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Cost-of-living crisis sees Christmas shoppers looking for more secondhand & meaningful gifts


Recent surveys by Oxfam and British Heart Foundation suggest that shoppers are not only looking to reduce spending this Christmas but to choose more secondhand and meaningful gifts.

More than a third of festive shoppers (35%) will spend less on gifts this Christmas, typically cutting their budget by half, according to research commissioned by Oxfam and carried out by OnePoll. A combination of the cost-of-living crisis (66%), worries about gas and electricity bills (42%), a reluctance to get into debt (24%), and trying to be thriftier (39%), are driving people to cut back.

Almost three quarters (74%) of the 2,772 adults surveyed for Oxfam say that meaningful gifts, that don’t cost a lot, are best while concerns over the environmental impact of Christmas and a desire to shop more ethically are also driving shopping decisions.

23% of respondents said they’ll buy secondhand gifts this year because it’s more environmentally friendly. 27% say they will also choose gifts that have a positive social impact, such as charity gift cards or donations to a good cause.

More findings from Oxfam

More than one in 10 (12%) say they will buy second-hand gifts with books top of the list 24% have agreed with family and friends to cut back on giving this year 34% of those buying for others plan to spend less per person this year compared to last The average number of people on a Christmas gift list is reducing by one person, from 10 in 2021 to nine this year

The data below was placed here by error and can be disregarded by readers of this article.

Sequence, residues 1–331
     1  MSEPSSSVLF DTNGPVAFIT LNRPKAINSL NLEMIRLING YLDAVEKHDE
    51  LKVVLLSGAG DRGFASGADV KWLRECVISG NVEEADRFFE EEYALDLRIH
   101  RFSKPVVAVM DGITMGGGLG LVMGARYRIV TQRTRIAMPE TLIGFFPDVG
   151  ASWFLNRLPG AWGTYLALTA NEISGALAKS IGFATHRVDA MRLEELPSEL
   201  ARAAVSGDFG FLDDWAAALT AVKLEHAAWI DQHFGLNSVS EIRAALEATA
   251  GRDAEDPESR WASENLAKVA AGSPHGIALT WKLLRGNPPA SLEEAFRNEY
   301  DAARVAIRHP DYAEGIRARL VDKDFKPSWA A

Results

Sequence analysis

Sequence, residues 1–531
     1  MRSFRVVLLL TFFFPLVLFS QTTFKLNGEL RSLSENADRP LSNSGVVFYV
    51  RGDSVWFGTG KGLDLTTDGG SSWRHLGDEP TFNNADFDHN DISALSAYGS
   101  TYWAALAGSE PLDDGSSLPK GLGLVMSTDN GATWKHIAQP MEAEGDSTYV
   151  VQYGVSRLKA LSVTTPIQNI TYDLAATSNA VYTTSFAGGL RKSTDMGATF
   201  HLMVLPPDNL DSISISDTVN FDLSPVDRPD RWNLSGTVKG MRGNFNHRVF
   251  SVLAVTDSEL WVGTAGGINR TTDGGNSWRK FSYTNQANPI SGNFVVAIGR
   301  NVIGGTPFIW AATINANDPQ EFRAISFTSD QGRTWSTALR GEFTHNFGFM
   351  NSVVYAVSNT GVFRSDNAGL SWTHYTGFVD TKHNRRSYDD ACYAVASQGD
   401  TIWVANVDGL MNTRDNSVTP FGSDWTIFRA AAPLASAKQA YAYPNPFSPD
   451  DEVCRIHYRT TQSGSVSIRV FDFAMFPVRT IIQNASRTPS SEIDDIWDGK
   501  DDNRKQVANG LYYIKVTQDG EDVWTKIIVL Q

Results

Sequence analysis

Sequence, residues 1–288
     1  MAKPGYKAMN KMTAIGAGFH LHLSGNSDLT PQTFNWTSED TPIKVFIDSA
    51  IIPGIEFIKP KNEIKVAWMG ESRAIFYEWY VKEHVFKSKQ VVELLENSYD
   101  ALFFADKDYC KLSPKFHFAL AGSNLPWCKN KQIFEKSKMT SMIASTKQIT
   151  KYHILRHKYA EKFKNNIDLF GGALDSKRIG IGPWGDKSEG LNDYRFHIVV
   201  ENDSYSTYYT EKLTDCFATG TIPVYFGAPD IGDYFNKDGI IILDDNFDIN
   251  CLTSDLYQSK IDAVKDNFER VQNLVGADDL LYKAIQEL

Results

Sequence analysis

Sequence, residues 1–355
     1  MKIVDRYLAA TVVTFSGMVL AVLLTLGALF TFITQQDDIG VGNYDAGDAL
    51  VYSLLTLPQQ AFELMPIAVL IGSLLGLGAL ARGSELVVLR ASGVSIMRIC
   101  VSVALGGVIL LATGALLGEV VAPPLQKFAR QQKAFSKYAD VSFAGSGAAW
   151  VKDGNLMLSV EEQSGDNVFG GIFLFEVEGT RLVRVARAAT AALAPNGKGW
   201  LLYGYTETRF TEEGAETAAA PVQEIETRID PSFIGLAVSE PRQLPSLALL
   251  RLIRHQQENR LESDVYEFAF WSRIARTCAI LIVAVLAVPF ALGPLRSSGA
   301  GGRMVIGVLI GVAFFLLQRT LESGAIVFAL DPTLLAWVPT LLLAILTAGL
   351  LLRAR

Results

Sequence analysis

Lorna Fallon, Director of Retail for the charity said:

“We’re finding more people are shopping for books this year and Christmas shopping is well underway for unique gifts that won’t break the bank.


“Womenswear and menswear sales in our shops are also up, suggesting that customers are turning to charity shops to make their pound go as far as possible whilst supporting good causes.”

Top 10 ways Brits will spend less on Christmas gifts this year

Reducing spend per person Only buying for immediate family Reducing spending circle (the total number of people to buy for) Purchasing fewer, more thoughtful presents Agreeing in advance with family where to spend less Only buying for the children in the family Buying secondhand gifts that are high value but lower in price Buying barely used or excellent condition secondhand books Giving more homemade presents Pooling together with friends and family to buy one gift for each family member

Similarly, a BHF survey of 2,010 people conducted by Censuswide found that almost half (46%) of Brits aged 16-24 and just over a fifth (22%) aged 55 and over said they will change their plans to buy from charity shops this festive season due to the crisis.

BHF also found secondhand books came top of the list (26%), followed by toys (20%) and clothes (17%).

This survey found that 37% of shoppers say they are motivated to buy their Christmas presents from charity retailers to help fund a good cause, 34% to save money, 22% to be able to find unexpected treasures/items, and 21% to be more sustainable and environmentally friendly.

Allison Swaine-Hughes, Retail Director, said:

“We know this festive season is going to be tougher for many families across the UK – and this survey shows that due to the rising cost of living, the need to make our money go further is even greater.”

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